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Making the grade

Raso, Rosanne MS, RN, NEA-BC

Nursing Management (Springhouse): February 2013 - Volume 44 - Issue 2 - p 56
doi: 10.1097/01.NUMA.0000426137.76032.e0
Department: Leadership Q&A

Senior Vice President of Patient Care Services and Chief Nursing Officer, Lutheran Medical Center, Brooklyn, N.Y.

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Q I'm extremely nervous before I lead a staff meeting. Do you have any pointers?

Staff meetings can and should be a high point of your leadership practice. They're your time to connect with staff on relevant and important topics, make sense of initiatives and issues, give staff members a chance to present work they've done, brainstorm ideas, and, of course, celebrate and recognize success. Two pointers that immediately come to mind are practice and preparation.

Just like anything else, practice improves performance. The more meetings you lead, the more comfortable you'll be and the better the communication will be among your team. Schedule meetings regularly and in a routine way, for example, the first Thursday of every month for day shift and the first Wednesday for night shift. Monthly is the bare minimum and should be supplemented by daily huddles or other consistent informal communication. Work with staff on the best time for the meetings to maximize attendance, taking into consideration workflow and coverage. You may want to rotate staff and repeat the agenda twice. Keep it short—it's difficult for staff members to be away from their assignments for more than 30 to 45 minutes. You can even choose a coleader from staff members as part of their development.



Besides coordinating the schedule, you'll want to prepare your agenda. Avoid reading information; staff members can read data themselves—you should provide the interpretation and application to their work. You may want to have guests, such as representatives from the nursing quality or support departments, because not only does this take the pressure off you, it also gives face time to people who have expectations of your staff members but haven't heard their issues from the bedside. This can be eye opening on both sides. Don't set up a guest for failure with an open forum for complaints; set the stage for specific topics, discussions, and outcomes.

Your main objective is to engage and inspire your staff. Encourage back-and-forth communication. Is the unit achieving its goals? If yes, why, and if not, what can be done to improve? The tone should be warm and supportive. Provide feedback, listen, and stick to the agenda. It's very satisfying to have positive staff meetings with clear outcomes and action plans that keep everyone on the same page and actually make your job easier.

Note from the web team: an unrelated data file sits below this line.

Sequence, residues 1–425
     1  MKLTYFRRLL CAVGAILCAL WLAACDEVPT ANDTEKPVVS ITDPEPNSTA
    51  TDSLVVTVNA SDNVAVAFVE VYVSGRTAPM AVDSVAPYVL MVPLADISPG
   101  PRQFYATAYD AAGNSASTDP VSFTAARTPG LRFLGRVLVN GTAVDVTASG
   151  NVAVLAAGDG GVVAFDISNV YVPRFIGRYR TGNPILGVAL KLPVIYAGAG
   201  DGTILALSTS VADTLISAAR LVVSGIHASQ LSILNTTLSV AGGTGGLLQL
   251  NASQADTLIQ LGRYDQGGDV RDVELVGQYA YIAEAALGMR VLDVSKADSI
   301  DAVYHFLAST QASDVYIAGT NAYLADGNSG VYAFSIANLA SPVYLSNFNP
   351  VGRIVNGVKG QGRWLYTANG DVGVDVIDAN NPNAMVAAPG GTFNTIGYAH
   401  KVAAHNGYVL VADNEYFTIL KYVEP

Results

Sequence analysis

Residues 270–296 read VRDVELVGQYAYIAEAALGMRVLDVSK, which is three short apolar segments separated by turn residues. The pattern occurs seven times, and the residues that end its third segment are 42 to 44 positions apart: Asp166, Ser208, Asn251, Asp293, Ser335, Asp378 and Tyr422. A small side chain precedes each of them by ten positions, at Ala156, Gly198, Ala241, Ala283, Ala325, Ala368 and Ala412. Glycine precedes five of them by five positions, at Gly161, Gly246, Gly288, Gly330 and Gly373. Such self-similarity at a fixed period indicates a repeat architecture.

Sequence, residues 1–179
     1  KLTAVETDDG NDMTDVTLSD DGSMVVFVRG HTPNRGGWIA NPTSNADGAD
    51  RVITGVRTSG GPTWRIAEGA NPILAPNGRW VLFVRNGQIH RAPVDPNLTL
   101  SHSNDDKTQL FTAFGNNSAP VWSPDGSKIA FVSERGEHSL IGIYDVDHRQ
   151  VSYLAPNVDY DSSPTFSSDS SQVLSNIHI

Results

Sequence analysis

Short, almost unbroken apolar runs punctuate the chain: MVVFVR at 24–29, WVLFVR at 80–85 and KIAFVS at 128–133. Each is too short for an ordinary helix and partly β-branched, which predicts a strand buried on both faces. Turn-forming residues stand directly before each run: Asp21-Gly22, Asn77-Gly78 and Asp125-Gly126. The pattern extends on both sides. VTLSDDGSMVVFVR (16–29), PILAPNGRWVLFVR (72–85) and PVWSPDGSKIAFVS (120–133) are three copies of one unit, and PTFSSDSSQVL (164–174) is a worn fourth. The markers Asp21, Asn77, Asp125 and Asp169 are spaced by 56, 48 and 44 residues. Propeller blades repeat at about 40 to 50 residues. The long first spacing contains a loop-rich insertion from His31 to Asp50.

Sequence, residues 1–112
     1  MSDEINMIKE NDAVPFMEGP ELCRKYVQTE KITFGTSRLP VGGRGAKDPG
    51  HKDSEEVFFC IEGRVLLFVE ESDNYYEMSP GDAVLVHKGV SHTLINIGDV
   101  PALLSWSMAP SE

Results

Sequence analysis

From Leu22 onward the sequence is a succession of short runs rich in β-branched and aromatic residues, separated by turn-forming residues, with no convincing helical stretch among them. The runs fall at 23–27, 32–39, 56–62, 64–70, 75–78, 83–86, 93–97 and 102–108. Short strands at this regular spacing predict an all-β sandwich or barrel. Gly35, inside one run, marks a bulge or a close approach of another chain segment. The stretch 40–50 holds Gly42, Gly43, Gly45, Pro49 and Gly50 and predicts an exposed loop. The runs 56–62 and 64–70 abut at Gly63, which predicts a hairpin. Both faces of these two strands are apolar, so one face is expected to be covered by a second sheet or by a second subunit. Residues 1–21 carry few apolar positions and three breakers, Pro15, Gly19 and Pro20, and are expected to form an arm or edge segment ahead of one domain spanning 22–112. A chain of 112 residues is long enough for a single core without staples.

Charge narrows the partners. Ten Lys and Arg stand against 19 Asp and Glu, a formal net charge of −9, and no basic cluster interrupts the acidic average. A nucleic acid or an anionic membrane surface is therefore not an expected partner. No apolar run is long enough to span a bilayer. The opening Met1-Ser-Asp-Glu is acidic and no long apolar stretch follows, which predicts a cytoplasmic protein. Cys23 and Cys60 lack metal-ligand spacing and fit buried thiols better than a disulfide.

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Q How do you think the development of accountable care organizations (ACOs) will affect inpatient care?

I wish I had a crystal ball. The Centers for Medicare and Medicaid Services is piloting the ACO model nationwide, with full implementation expected by 2016. Currently, 60% of the pilot ACOs are physician groups, and you want your organization to be their hospital of choice.

An ACO is incentivized very differently than our current system. Now all payments to physicians and hospitals are paid by the episode, the visit, or the admission—making payment volume-based. In the ACO world, revenue is bundled and all providers are motivated to keep patients healthy, educated, and out of the hospital. As my hospital's executive director says, “It's a game-changer.”

How will we know if we're achieving seamless, patient-centered care? The quality metrics to be evaluated will certainly affect inpatient care. Many of the metrics are familiar to us: value-based purchasing indicators (decreased readmissions and improved Hospital Consumer Assessment of Healthcare Providers and Systems scores), fewer ED visits, improved functional status, better communication to patients, and decreased length of stay. To do this, there will have to be an increased focus on relationships, the team, evidence-based protocols, disease management, analytics, informatics, data-driven decision making, and patient education and support. Any one of these alone will affect inpatient care; all together, we should anticipate a sea change in care delivery.

It will be a good time for nursing. Our role on the team is critical for direct care nurses and case managers across the continuum. Additional advanced practice nurses will most likely be needed on both the primary and the acute sides of our practice. The focus on patient-centeredness supports our nursing models. We must start thinking broader, wiser, and as a team to succeed in the new ACO world.

© 2013 by Lippincott Williams & Wilkins, Inc.